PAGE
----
Cancer and Careers’ vice president Rebecca Nellis works with many cancer survivors to help them back into the workforce, and said that she has heard many anecdotes of job applicants who perceive that there is an active bias against them because of their medical issues.
“The way that there is bias is often more indirect,” Nellis said. “So that sense that a gap on your resume is a negative tends to be a problem for cancer survivors.”
The Michigan study also revealed a troubling sign of discrimination: women who received chemotherapy – which results in hair loss – were most likely to be unemployed.
For cancer survivors with visible signs of their trauma, it seems, employers often approach the situation tactlessly – and illegally. “We’ve certainly heard some very scary stories about people being asked outright inappropriate things, like have they used FMLA time, or have they been sick,” Nellis said.
Of course, HR departments will already be well aware of the legal restrictions and ramifications, since of course cancer is covered under the ADA. But it’s a reminder to train hiring managers of what to do if an applicant reveals that they have undergone cancer treatment, advised Nellis.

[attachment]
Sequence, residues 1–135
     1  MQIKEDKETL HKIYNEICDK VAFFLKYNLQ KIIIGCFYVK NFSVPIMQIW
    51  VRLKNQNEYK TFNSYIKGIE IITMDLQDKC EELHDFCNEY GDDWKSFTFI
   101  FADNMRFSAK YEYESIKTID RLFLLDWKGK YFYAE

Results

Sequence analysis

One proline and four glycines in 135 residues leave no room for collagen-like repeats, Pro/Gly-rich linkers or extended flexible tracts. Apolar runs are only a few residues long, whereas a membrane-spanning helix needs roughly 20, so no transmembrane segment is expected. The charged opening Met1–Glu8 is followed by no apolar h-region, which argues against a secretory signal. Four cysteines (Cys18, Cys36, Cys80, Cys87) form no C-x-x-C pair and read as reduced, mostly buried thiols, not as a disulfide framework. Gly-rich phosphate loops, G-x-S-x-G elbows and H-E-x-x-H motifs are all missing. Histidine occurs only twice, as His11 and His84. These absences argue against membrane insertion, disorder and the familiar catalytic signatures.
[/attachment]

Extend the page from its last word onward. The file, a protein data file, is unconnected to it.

“Should they do so, it’s helpful for an (interviewer) to know what they can and cannot ask in response to that, which is ‘can you perform the essential functions of the job with or without reasonable accommodation’,” she said.
Even after surviving cancer, the struggles that cancer sufferers face aren’t over. Research from the University of Michigan shows nearly a third of breast cancer survivors who were working when they began treatment were still unemployed four years later. Of those, 55% said it was important for them to work, and 39% were actively looking.